Walking away from the Thames on the final night of the London Contemporary Music Festival (LCMF), I was reminded of the classic scene from The Simpsons in which Bart’s friend Nelson emerges from a screening of David Cronenberg’s Naked Lunch and says, “I can think of at least two things wrong with that title.”
If the LCMF is considered a music festival, that’s only for lack of a better term. The first night was given over entirely to a performance of the touch-heavy interactive dance piece Inchoate Buzz (London having lifted most COVID-19 restrictions); other nights had quite as much dance, poetry (confessional, conceptual, or sound), experimental film, and video art as music. Music seemed selected as much for its theatrical effect as its musical one. Unfolding in a long, large room at Woolwich Works in southeast London, performances and screenings rotated between three stages around the outside of the space and a clearing in the middle of the audience, with performances occasionally moving right into the sea of backless benches. There were no introductions or banter either: literary or theory-heavy program notes were the only indication of what was happening at any given moment.
The festival’s theme, “The Big Sad,” was similarly (happily!) misleading. Each day’s program had a thematic description that moved between two emotions (“Sad and Ruined,” “Ruined and Exhausted,” “Exhausted and Hysterical,” and finally, “Hysterical and Happy”), outlining a sort of emotional journey. Throughout the festival there seemed to be an inability or unwillingness to maintain a coherent emotional landscape, even through a single piece of music, much less through an entire program. Sometimes this inconsistency was due to forces outside of the organizer’s or artists’ control. Several pieces (Clara Iannotta’s Eclipse Plumage, Rebecca Saunders’ dust II) were so quiet that the sound of an errant wine glass hitting the floor or the door brushing open and closed was a substantial distraction. Ewa Justka tried in vain to interrupt her entertaining set of frenetic techno-via-homemade electronics to complain to the technicians that the performance was supposed to take place in total darkness, not blazing theatrical lighting. But overall the festival was a technical tour-de-force. My experience of the last piece, in which trumpeters on three boats on the Thames played the same note at regular intervals as they drifted further and further apart, was interrupted persistently by a singularly miffed audience member who couldn’t seem to stop herself breaking the long and otherwise meditative silences to tell her companion that “everything after Joëlle [Léandre] was a bit off” and snickering at the (admittedly patience-testing) festival send-off.
Most of the time, the emotional incoherence was intrinsic to the programming itself, either within a given piece or between pieces, through jarring but clearly considered juxtaposition. Perhaps the highlight of the festival was a performance of Christian Marclay’s No! by unconventional vocalist Elaine Mitchener, which began with a long silence followed by a sudden loud gasp that took the whole audience aback, and which climaxed with a series of variations on the word no—dramatic (“No.”), comic (“nuh uuuh”), screamed (“NOOO!!!!), muttered (“no…”), and so on. Jerskin Fendrix’s Winterreise, too, dwelled in undecidable emotional territory: Schubert references sitting side-by-side with histrionic millennial crooning, video-game electronics, and operatic (or Phantom of the Opera) theatricality, Fendrix perched at a grand piano in the middle of the audience, surrounded by synths, convincing you to take it seriously while daring you to laugh. At other times, the programming seemed deliberately engineered to disorient; the last acts leading up to the Thames excursion were a classic free-improvisation bass solo by Joëlle Léandre, a gorgeous bit of Gaelic choral music from Musarc with the incongruous title Sippy-cup without juice, and the chaotic electronics of Ewa Justka.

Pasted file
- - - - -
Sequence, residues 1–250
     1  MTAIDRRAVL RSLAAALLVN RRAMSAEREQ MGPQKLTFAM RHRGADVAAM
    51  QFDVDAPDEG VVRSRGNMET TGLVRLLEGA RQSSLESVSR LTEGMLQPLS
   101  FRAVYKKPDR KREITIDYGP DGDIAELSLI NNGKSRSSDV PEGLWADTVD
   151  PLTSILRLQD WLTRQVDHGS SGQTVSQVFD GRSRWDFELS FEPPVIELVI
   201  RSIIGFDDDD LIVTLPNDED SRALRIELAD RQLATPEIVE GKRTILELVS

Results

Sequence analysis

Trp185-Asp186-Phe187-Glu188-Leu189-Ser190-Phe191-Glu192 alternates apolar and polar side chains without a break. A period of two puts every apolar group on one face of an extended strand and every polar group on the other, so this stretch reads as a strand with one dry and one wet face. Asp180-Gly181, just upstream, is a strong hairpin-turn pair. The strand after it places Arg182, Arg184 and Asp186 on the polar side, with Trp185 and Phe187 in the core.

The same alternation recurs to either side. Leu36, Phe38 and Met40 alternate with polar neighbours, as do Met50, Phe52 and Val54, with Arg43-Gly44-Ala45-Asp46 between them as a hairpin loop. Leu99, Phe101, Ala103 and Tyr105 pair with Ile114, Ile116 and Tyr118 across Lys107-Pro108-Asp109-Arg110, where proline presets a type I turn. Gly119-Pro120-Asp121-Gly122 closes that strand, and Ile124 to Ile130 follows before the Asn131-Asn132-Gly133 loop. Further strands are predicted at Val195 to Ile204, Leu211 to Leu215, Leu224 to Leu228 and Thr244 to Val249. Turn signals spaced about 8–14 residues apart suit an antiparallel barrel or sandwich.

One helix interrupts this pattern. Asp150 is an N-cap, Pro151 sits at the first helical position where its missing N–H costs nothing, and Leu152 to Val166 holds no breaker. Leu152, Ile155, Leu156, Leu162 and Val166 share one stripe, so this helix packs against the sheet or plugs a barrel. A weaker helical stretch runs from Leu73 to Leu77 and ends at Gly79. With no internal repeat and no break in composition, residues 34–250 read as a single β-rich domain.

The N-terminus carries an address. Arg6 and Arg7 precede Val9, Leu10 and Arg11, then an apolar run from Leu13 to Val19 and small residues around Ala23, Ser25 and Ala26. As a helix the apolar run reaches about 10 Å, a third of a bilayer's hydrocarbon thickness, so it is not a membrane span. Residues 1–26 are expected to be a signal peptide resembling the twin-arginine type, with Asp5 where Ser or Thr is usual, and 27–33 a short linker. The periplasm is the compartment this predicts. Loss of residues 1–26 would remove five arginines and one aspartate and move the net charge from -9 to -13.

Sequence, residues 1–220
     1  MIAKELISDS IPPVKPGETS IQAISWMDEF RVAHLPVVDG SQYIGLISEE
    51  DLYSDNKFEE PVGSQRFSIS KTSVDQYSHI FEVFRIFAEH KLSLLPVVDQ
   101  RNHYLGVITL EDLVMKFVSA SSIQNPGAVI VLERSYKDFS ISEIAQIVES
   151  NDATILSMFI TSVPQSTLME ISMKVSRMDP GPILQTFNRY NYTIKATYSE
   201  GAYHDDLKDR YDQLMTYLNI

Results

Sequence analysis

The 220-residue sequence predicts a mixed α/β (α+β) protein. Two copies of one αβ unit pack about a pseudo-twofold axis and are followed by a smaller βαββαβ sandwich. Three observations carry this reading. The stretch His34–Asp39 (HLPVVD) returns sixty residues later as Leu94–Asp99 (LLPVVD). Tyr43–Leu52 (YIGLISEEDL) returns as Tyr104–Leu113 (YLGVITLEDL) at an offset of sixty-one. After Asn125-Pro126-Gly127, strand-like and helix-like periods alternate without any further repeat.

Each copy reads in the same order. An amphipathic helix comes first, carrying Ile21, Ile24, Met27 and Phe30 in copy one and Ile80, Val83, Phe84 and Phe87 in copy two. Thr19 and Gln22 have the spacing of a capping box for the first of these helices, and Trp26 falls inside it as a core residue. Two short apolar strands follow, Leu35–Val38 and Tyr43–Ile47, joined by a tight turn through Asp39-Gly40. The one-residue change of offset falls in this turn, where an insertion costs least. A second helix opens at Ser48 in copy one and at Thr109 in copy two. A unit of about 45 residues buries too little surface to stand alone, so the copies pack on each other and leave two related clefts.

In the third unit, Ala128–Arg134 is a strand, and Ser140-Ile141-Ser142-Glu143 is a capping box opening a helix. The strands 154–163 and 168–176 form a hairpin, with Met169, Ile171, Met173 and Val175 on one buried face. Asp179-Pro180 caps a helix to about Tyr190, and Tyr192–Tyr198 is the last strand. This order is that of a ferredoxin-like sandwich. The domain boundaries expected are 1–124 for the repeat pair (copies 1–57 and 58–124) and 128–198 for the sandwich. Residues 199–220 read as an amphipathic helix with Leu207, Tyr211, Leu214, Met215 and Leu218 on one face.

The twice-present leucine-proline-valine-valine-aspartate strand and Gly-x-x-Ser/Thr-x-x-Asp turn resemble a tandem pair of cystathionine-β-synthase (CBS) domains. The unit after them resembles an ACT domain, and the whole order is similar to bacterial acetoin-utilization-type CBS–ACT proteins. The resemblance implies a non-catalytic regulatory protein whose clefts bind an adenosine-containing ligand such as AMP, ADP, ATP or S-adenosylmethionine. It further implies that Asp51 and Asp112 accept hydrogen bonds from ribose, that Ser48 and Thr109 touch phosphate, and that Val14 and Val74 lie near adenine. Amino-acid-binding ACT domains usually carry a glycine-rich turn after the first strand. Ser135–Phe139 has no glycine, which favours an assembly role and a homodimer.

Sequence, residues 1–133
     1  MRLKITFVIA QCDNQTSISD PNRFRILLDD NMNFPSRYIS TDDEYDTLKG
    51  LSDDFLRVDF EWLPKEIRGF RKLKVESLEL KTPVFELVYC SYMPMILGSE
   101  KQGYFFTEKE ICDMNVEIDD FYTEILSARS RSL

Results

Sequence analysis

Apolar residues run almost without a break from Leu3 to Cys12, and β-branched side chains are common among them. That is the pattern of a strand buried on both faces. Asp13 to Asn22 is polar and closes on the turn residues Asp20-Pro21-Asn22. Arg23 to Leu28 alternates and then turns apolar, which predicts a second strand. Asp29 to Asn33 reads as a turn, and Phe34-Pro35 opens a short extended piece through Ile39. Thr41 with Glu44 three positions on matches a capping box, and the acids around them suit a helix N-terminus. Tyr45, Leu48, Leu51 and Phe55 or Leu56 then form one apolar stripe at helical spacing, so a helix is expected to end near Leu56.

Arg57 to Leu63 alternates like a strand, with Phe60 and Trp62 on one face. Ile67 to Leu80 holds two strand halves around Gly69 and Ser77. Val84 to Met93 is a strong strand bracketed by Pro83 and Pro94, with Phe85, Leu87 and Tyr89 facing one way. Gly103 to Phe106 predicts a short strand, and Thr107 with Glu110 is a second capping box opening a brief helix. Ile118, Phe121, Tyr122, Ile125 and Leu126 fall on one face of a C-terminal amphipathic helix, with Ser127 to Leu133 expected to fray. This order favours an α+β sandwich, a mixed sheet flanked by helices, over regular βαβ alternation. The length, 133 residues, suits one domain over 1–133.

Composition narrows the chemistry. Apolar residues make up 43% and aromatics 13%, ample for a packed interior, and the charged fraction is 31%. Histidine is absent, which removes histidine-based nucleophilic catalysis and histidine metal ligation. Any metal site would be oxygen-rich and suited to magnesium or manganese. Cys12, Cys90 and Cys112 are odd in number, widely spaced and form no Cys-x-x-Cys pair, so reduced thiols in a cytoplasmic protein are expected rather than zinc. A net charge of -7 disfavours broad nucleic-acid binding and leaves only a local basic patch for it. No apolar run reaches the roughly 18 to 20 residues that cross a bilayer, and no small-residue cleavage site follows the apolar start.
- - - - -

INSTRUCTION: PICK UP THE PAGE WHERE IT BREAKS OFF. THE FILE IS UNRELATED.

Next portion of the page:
The festival leaned heavily on the sad-boy aesthetics of Alex Mazey, who was quoted extensively in the program notes alongside a who’s who of continental philosophy and poststructuralism—Baudrillard, Freud—and who was featured at the festival’s panel discussion (which I did not attend). An appearance by the sui generis but Internet-y rap-adjacent artist Triad God, whose confessions and electronic meditations—that mix of vulnerability and artifice—was probably the best approximation of sad-boy aesthetics. Appearance is a generous term; in fact, he performed behind a screen showing a picture of him and snuck off at the end of the set without most of the audience noticing. More artifice than vulnerability, when push comes to shove, I suppose.

I have reservations about the festival’s deriving inspiration not from the music but from such extrinsic themes. The LCMF demanded not only a conceptual bent, but also an openness to a dizzying range of musical genres, artistic mediums, and presentation styles, all of it presented rapidly and without further comment. To remark that the festival was uneven, that some performances were better than others, is to miss the point—unevenness was the point. All fun as far as it goes, but possibly a tough sell to non-initiates; without that sort of depressive Dadaist sensibility, your mileage may vary.

Top: Eve Stainton performs in Fernanda Muñoz-Newsome's Inchoate Buzz
Middle: Elaine Mitchener performs Christian Marclay's No!
Bottom: Joëlle Léandre